We are thrilled to announce the FIRST EVER FEARLESS YATRA

Fearless is going on a journey! Joining forces with lovers, co-conspirators, partners and collaborators, we will be travelling across India, reclaiming public spaces from fear in this time of Pandemic.

In the last few months, the world itself contracted- our borders shut, we enclosed ourselves in our own homes, and stepped away from the streets. This has been a time of deep introspection, but also a time of unprecedented Fear. As the world begins to expand again – Fearless asks if the world we re-emerge into can be more inclusive- for women, to those at the margins? More empathetic? Can we define the “new normal” as being a softer, kinder and more loving world?

As we began to chart our journey,  we recognized that we wanted to dig deeper into our context- working with communities who hold our cities together- and understand the intersection of environment, gender, class and caste more deeply.” Shilo Shiv Suleman

TOUCHStarting in Lucknow and then in Jaipur, we will be working with queer and LGBTQ communities. Looking at colloquial and non-binary ways of loving to bring more acceptance and awareness and make one of India’s few public monuments to LGBTQ love. We will be joined by Urdu poet and powerhouse Sabika Abbas Naqvi on this journey.

Sabika is the founder of Sar-e-Rahguzar: Poetry on the streets. She is a gender and minority rights’ activist and most of her poetry revolves around the same. She will be leading workshops in these two cities where we will be engaging with female desire, queer masculinities and how we love – through protest poetry and painting.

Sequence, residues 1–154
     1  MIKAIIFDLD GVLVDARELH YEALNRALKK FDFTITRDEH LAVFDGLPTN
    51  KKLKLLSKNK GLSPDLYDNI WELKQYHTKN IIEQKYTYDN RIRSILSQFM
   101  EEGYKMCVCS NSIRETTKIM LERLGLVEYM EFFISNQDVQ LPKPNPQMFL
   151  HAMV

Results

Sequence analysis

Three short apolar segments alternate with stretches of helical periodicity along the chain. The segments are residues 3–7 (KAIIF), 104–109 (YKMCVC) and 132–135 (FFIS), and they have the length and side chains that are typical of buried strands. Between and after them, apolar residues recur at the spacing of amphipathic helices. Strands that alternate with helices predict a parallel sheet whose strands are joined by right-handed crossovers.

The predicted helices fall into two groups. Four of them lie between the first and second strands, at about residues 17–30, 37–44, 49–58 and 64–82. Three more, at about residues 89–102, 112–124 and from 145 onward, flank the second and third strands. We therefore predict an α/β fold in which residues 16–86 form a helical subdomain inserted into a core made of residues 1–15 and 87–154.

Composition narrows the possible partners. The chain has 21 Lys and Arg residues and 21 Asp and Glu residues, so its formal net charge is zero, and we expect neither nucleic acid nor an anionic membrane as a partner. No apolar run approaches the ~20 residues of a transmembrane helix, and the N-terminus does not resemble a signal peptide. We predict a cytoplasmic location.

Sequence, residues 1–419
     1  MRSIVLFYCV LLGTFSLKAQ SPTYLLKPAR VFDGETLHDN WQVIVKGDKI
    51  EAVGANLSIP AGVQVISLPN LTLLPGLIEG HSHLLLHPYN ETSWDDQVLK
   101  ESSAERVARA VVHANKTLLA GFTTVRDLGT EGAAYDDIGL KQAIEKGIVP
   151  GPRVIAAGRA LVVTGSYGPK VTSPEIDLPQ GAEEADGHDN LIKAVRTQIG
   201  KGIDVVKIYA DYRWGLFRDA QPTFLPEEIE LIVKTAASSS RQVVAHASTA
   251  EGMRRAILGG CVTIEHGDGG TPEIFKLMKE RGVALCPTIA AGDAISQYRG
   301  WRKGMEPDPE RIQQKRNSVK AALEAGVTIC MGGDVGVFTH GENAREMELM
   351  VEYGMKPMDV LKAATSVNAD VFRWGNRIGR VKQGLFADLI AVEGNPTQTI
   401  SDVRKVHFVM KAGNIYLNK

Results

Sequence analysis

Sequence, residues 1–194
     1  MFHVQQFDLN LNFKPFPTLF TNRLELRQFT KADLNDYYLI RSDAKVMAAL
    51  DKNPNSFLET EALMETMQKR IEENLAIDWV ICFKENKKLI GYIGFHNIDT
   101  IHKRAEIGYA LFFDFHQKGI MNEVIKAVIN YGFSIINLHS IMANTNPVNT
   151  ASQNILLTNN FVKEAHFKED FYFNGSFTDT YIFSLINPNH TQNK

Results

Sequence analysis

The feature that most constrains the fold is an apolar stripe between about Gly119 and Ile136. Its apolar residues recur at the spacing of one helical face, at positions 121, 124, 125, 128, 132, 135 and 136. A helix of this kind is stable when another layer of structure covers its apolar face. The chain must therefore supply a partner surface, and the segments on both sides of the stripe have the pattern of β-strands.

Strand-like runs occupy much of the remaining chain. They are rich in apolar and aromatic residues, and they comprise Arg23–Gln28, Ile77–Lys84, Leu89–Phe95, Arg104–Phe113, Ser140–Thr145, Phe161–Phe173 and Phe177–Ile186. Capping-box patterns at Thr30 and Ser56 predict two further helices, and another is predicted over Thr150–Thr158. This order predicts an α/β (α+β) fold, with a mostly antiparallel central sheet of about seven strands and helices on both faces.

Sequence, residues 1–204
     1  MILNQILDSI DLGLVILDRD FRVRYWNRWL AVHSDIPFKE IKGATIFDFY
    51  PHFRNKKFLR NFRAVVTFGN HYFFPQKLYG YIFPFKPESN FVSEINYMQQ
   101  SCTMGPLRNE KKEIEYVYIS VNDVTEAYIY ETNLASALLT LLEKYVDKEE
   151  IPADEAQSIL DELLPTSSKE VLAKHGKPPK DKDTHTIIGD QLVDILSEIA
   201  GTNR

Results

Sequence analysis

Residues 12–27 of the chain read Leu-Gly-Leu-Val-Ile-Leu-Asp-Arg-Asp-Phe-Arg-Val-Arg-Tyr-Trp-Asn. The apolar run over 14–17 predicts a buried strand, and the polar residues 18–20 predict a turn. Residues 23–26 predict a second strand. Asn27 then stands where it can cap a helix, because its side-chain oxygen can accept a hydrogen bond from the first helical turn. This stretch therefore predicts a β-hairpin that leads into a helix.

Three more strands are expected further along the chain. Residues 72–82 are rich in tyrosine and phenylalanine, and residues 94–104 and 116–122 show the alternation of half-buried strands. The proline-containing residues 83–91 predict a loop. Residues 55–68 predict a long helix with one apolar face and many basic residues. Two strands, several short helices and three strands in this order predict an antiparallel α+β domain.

ESSENTIAL: In Delhi and then ending back in our home city Bangalore, we will be working with waste segregation workers who were classified as ‘non-essential’ during the lockdown. Looking at how the pandemic has impacted life and how closely connected we all are. Through our immersive Fearless workshops we will be co-creating public street art interventions that honour the life, labour and dignity of these communities by bringing visibility to their stories. 

We will be partnering with Chintan in Delhi and Hasiru Dala in Bangalore, two incredible women-lead organisations who focus on justice and identity rights for waste-pickers.

Our practice relies more than anything on community engagement. Our workshops are crafted to take the communities we are working with through an intimate process of shared storytelling, through which they can choose how they are represented in public spaces, reclaiming narratives in which they have been invisibilized.  

This is the first time Fearless will be heading back on to the streets to paint since the lockdown and we are doing this with the greatest care and consideration given the unprecedented circumstances. We will be practicing all the safety measures stipulated by the WHO and local health care workers. The number of participants in each workshop will remain very limited and all activities will be conducted in large open spaces, maintaining social distancing guidelines. Our own team will stay constant (2-3 people), travelling by road to reduce the risks of shared transport, and we will be getting tested every time we move to a new city.